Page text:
Having just finished watching Season 1 of American Crime Story: The People v. O.J. Simpson, I find myself anxious to see what’s next in this gripping series. Ryan Murphy has merged his dark sensibilities, in-depth character development, well-paced storytelling techniques, and sharp wit to showcase multiple sides of contemporary American news stories.
Although we knew how the O.J. story would end, and most of what happened along the way, the show delved into the dirty corners of what society was thinking and swung wide-open the door of perspectives for deeper discussion.
Some heard the announcement of Hurricane Katrina as the subject for Season 2 and wondered, what is there to say about that? That is the precise reason that this is a show that we need immediately. Having moved from New Orleans shortly before the storm which tore apart one of the most historic and storied cities in the country, I heard dozens of personal accounts of the horrors of the aftermath of the storm. The lack of communication with residents, the inaccessibility to potable water and basic needs, the inhumanity of being shuttled into huge storage areas while politicians fought over who was at fault all could’ve been avoided and solved.
“We’re not interested in doing a trial-of-the-week or murder-of-the-month; we’re interested in tackling crimes and events that have some sort of social importance,” Murphy told THR. “That’s why we’re interested in Katrina, and we’ve been researching it quite heavily for a year before we’re even writing it.
While other shows and films have approached the subject, the promise that Murphy will dig deeper, reach a larger audience, and restart the dialog so that we don’t repeat such mistakes is thrilling. This storm forever changed a city in our country while we watched.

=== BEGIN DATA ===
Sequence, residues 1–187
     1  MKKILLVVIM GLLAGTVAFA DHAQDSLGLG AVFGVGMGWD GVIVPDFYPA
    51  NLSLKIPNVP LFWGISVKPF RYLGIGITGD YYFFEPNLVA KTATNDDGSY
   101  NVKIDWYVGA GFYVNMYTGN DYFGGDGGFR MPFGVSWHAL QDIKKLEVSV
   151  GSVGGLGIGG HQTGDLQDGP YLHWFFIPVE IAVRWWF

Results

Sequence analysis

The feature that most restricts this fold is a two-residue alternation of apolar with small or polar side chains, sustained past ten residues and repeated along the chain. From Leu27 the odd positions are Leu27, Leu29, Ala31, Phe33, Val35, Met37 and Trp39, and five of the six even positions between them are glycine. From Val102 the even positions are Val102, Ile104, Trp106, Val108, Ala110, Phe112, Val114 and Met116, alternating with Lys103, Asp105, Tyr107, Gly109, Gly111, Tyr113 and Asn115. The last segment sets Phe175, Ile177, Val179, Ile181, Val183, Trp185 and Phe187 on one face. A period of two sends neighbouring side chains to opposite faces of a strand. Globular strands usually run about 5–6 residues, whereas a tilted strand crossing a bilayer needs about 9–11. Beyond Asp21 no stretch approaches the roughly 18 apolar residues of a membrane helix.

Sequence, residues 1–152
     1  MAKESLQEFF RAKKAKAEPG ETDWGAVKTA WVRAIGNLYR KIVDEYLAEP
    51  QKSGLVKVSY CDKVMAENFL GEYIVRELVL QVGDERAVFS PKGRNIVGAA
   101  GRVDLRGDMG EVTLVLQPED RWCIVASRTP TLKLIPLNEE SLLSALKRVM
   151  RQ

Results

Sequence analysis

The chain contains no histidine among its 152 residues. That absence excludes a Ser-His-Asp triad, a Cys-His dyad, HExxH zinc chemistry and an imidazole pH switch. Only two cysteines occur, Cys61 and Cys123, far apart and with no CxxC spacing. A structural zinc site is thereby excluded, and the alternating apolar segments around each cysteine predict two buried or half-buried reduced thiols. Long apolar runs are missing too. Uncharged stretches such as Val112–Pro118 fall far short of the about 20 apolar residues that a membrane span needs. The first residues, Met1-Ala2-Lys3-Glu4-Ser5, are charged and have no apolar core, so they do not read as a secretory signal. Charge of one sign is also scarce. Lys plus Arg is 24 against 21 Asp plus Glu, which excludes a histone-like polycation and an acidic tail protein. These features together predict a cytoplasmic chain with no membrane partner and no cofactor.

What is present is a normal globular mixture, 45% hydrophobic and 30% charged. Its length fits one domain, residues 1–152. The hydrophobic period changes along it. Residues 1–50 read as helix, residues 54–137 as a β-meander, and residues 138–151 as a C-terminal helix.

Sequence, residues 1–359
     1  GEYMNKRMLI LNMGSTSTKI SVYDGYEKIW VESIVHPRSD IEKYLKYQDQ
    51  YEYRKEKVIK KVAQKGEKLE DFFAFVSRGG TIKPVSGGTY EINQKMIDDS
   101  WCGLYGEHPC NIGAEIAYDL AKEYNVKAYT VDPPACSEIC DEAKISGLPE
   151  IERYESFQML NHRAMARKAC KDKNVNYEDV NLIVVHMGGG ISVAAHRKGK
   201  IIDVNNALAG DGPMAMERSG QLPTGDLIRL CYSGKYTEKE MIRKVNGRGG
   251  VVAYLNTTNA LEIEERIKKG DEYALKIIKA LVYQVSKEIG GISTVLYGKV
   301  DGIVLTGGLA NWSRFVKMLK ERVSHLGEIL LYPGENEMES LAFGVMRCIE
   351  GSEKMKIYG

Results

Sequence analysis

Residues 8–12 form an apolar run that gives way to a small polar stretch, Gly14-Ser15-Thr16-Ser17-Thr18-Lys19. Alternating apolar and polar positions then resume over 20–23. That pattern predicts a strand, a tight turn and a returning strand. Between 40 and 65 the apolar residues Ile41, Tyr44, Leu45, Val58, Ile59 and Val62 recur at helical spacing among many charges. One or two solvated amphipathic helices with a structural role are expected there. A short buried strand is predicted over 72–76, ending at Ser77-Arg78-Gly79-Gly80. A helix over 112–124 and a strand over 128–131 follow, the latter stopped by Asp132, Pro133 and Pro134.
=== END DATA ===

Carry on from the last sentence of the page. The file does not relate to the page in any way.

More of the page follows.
One moment that I remember clearly was a television interview in which New Orleans native and musician Harry Connick Jr. broke into tears and yelled at the screen in frustration.
In an interview Friday on NBC’s “Today” show, a visibly shaken Connick recounts the devastation he witnessed throughout the city, including the besieged convention center.
“This is sad, man. It’s pathetic,” Connick said. “It feels as hopeless as it’s going to get. … Be kind to these people. Just be kind to these people.”
Connick said he witnessed babies suffering from dehydration and a man having a seizure at the convention center and wondered why it was taking so long for officials to get needed supplies to the city.
“How hard is it to take a helicopter or a truck … it’s easy to get to the convention center, we got there with no problem … how hard is it to take a truck with water or food for these people. I don’t understand,” Connick said in an interview with “Today” host Katie Couric.
“They told these people to go to the convention center for help and it’s been five days. It’s unbearable,” Connick said. He said that while he was at the convention center on Thursday he saw no water or food being distributed to the victims.
So who is going to be in the show and when will we get the opportunity to watch it? Currently the release date on IMDB is set for 2018. Confirmed stars of the show include: Dennis Quaid, Annette Bening, Matthew Broderick and Sarah Paulson. Unlike Season 1 in which actors primarily portrayed real people, season 2 is rumored to include many fictional characters based on actual stories from the storm’s aftermath.
However, there will be one key difference between season two and season one: “Katrina will be very different in that you won’t know the outcome,” executive producer Brad Simpson said. “Who lives, who dies, it’s all going to be true stories.”
More casting news, hints of the production and source material will likely trickle out through Murphy’s Instagram and Twitter feeds and I for one, will be watching. Some real figures that I’d be interested in seeing portrayed in the show include historian Douglas Brinkley, (fun fact: he was my history professor when I attended the University of New Orleans), Sean Penn who went on numerous canoe missions to save stranded citizens, and Oprah, who found a way to broadcast what was really happening to millions who chose not to watch until she showed it to them.